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physicaltherapy: 05 Feb : 06:54 pm

Is there anyone who has gone through CWT6 or type 1 evaluation with FCCPT?
If so, kindly let me know from where can the following deficiencies be fulfilled?
1. History
2. Systems Review
3. Findings that warrant referral
4. Supervision of support staff
5. Documentation

nani: 28 Sep : 04:31 am

plz pleasec tell me where to do phd in india

Nikhilphysio: 02 Jun : 03:55 am

I am working as physiotherapist in Shalby hospital ahmedabad for 4 years. I have passed out from Rajiv gandhi university of health and sciences Bangalore. I want to apply for Newzealand physiotherapy board registration so anyone there from India who got registered as physiotherapist in new zealand please help me.

Arun: 10 May : 12:36 am

Hi Priyank, welcome. Feel free to go through these forum threads returned by search [link]

Priyank: 09 May : 10:28 pm

Hi..need advice. What are the options in Australia after MPT?


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Physioblasts.Org - India's collaborative physiotherapy community & free learning portal :: Forums :: Practice Forum :: Research & Evidence
 
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A fMRI study on how self-initiated memorized movements become automatic.

Moderators: Arun, Boopathi, Robin, baskar, AJIN, MDK-Physio
Author Post
Sat Mar 31 2012, 03:27pm
Robin
Keep looking around. There's always something you've missed.

Registered Member #4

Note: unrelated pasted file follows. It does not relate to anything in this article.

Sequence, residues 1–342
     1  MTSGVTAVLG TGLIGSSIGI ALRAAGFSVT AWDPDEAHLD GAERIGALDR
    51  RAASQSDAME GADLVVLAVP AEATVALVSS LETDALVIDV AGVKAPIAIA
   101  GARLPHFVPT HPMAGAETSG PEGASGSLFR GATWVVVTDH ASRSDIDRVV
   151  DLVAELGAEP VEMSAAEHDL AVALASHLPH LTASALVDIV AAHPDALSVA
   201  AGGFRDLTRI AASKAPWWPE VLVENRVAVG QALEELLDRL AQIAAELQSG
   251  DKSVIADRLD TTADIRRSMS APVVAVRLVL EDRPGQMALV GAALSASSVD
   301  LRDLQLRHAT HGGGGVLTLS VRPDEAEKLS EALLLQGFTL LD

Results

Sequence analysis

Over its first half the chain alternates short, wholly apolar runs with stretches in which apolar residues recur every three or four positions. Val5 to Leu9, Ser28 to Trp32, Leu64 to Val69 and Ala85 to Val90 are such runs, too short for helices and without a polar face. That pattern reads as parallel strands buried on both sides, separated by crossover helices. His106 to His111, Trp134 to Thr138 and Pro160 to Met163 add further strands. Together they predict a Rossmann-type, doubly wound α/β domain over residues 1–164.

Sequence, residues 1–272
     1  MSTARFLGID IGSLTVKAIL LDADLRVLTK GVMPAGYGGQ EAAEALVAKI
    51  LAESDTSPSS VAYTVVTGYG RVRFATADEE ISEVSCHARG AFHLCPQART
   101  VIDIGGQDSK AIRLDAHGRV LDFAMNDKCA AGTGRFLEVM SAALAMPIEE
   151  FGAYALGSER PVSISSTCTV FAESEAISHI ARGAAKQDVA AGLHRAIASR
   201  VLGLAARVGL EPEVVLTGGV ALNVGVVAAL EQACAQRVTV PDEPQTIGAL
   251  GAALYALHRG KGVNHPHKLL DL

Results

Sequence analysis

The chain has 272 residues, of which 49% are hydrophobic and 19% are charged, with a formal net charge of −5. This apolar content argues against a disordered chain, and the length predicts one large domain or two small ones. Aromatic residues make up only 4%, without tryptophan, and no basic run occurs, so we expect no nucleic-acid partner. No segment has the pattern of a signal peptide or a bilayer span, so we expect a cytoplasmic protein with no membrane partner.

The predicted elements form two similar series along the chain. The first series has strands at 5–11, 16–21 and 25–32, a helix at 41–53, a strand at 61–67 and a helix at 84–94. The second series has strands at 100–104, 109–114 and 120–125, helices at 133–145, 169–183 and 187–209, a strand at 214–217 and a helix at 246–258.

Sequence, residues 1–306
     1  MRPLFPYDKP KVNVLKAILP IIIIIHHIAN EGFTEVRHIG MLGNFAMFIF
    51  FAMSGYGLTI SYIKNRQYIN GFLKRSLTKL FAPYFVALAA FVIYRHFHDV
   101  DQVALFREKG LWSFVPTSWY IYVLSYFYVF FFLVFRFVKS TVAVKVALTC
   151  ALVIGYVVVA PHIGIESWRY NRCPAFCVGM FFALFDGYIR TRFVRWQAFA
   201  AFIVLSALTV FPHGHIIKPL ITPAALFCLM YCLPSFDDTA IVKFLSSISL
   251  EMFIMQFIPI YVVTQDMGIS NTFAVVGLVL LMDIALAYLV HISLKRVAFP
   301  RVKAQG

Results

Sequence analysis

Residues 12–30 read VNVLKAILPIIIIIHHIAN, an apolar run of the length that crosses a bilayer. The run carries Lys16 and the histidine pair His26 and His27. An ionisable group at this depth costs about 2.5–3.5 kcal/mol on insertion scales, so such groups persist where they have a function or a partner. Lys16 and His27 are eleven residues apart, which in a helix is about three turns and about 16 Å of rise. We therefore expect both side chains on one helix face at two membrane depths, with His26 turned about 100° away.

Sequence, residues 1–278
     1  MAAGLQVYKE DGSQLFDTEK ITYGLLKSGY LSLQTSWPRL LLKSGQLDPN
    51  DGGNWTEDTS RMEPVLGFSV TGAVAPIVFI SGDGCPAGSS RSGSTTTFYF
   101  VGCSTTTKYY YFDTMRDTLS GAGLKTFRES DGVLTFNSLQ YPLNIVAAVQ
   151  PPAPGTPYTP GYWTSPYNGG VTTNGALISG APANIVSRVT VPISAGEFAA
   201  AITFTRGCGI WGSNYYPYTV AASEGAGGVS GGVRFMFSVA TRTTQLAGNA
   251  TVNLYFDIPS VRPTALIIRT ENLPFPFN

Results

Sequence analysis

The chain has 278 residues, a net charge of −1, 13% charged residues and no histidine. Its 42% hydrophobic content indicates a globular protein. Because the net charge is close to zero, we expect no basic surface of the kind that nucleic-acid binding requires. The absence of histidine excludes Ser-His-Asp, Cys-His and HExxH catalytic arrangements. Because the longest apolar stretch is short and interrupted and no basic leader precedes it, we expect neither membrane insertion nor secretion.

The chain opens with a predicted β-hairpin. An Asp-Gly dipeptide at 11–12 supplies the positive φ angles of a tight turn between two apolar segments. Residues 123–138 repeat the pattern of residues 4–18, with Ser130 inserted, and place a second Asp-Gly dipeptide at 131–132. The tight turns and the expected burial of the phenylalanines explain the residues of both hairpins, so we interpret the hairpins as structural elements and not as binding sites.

Joined: Thu Jul 08 2004, 06:56am
Location: Kollam, Keralam, INDIA
Posts: 2120

A study conducted by Tao Wu, Kenji Kansaku, and Mark Hallett and published in J Neurophysiol 91: 1690 –1698, 2004. First published November 26, 2003; 10.1152/jn.01052.2003 details on how movements become automatic and whether any particular area works more for the same.
The authors says, "We used functional magnetic resonance imaging (fMRI) and dual tasks to investigate the physiology of how movements become automatic. Normal subjects were asked to practice some self-initiated, self-paced, memorized sequential finger movements with different complexity until they could perform the tasks automatically. Automaticity was evaluated by having subjects perform a secondary task simultaneously with the sequential movements. Our secondary task was a letter-counting task where subjects were asked to identify the number of times a target letter from the letter sequences was seen. Only the performances that achieved high accuracy in both single and dual tasks were considered automatic. The fMRI results before and after automaticity was achieved were compared. Our data showed that for both conditions, sequential movements activated similar brain regions. No additional activity was observed in the automatic condition. There was less activity in bilateral cerebellum, presupplementary motor area, cingulate cortex, left caudate nucleus, premotor cortex, parietal cortex, and prefrontal cortex during the automatic stage. These findings suggest that most of the motor network participates in executing automatic movements andthat it becomes more efficient as movements become more automatic.Our results do not provide evidence for any area to become moreactivated for automatic movements."
Kindly read more by accessing the complete study: http://jn.physiology.org/content/91/4/1690.full.pdf+html
Shared with us by Sathiyaseelan Ganeshan.

 

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